In honor of Black History month, we are examining the effects of generational trauma and the use of coping strategies within the African American community. Research has shown that trauma, especially childhood trauma, can cause adverse effects on individuals’ mental and physical health. When dealing with trauma or stress-related incidents we tend to lean on coping mechanisms to deal with our emotions. Moreover, research has been done to explore the correlation between racial oppression and mental health outcomes on communities of color. For instance, in the United States, slavery has a generational imprint that has effected people of African descent for years. A question we can be left with is, “What are impacts of generations of slavery and adverse childhood experiences on the African American community today, particularly our males?”
According to Dempsy (2002), African American youth tend to engage in negative coping strategies such as avoidance, aggression and internalizing behaviors. Bryant-Davis (2005) research on coping strategies within the African American community noted the importance to recognize cultural context when cultivating positive coping strategies such as activism, creativity, community support, spirituality, humor, therapy, and racial reframing (Bryant-Davis, 2005). She defined Activism as, “helping others to gain a sense of empowerment and counter feelings of self-doubt or to make sense of the trauma by finding a way to take the negative experience and use it for good of others in similar situations” (Bryant-Davis, 2005). Furthermore, other researchers have continued to underscore the importance of creativity such as expressive arts. Rogers (2017) cites writing is a tool that enhances personal growth because it brings forth feelings and a learning about one’s self leading to an improvement in identity. Research has also found unofficial storytelling possess strengths and weaknesses, such as the survivors gaining validation for their experience and only having limited effect on the “structures of silence,” respectively (Hackett & Rolston, 2009, p. 370).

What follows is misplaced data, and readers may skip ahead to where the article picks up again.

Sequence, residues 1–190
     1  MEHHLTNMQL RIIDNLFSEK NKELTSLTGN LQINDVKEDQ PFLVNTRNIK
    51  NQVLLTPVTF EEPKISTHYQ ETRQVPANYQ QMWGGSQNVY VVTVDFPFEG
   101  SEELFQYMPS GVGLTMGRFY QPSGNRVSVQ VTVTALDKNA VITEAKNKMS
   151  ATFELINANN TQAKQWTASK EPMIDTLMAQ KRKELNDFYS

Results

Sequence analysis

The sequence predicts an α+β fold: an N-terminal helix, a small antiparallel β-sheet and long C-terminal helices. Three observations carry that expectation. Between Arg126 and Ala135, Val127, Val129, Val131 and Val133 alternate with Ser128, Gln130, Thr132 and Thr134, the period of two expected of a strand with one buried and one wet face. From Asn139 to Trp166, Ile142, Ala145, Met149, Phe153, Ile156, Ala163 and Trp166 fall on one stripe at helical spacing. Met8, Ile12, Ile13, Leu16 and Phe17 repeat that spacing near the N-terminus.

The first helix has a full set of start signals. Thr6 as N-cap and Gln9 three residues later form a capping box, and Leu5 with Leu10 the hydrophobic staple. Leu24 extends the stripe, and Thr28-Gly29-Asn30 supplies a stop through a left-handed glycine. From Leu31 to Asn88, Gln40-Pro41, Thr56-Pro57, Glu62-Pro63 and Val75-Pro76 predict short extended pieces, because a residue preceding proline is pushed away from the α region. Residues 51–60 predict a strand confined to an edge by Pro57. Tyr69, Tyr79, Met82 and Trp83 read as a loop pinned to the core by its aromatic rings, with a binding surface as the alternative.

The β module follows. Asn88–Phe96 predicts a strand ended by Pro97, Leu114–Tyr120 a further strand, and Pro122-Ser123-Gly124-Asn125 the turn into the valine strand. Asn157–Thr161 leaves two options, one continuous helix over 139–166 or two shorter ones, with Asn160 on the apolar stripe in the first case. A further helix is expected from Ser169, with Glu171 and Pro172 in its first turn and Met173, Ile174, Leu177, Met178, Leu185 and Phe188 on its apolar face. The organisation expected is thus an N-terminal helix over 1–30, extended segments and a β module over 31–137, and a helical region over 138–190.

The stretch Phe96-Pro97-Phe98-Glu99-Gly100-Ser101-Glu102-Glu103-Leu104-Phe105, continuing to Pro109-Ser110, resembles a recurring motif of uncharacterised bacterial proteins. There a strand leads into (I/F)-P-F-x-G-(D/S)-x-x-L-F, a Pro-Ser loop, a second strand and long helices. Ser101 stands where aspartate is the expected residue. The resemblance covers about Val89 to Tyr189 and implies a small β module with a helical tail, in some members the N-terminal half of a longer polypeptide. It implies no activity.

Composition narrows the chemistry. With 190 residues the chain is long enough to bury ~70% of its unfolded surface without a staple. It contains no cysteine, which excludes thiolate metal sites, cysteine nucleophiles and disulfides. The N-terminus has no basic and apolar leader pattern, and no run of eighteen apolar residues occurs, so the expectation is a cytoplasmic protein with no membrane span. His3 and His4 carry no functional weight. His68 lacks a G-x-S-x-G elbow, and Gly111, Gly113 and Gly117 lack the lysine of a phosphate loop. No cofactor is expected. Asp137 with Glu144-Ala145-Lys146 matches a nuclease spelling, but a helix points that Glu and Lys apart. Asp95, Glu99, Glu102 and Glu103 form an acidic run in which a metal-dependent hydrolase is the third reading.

It is necessary to under the impact trauma has had on people of African descent for generations and how we as a people have coped with these traumas. One Temple Fitness is so excited to have a public affairs professional and comedian, Crista Jackson, be our guest speaker for this month's talk.
Listen to this amazing discussion as we explore coping strategies and the impact of generational trauma. Do not forget to comment below.
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Crista Jackson is a Public Affairs professional with a Communication degree from Howard University in Washington, DC. As a former women’s ministry leader at One Church International, Crista fostered an inclusive environment for women of all ages and ethnicities to connect as daughters of the King and grow as effective women. Her love for seeing people blossom has led her on missions to teach in China, a mentor in her local Toastmasters club and serve others recovering from life’s hurts, hang-ups, and habits. As a Stand-up comedian, she has performed across the country giving people life’s very best medicine – laughter! Contact her at: www.CristaJackson.com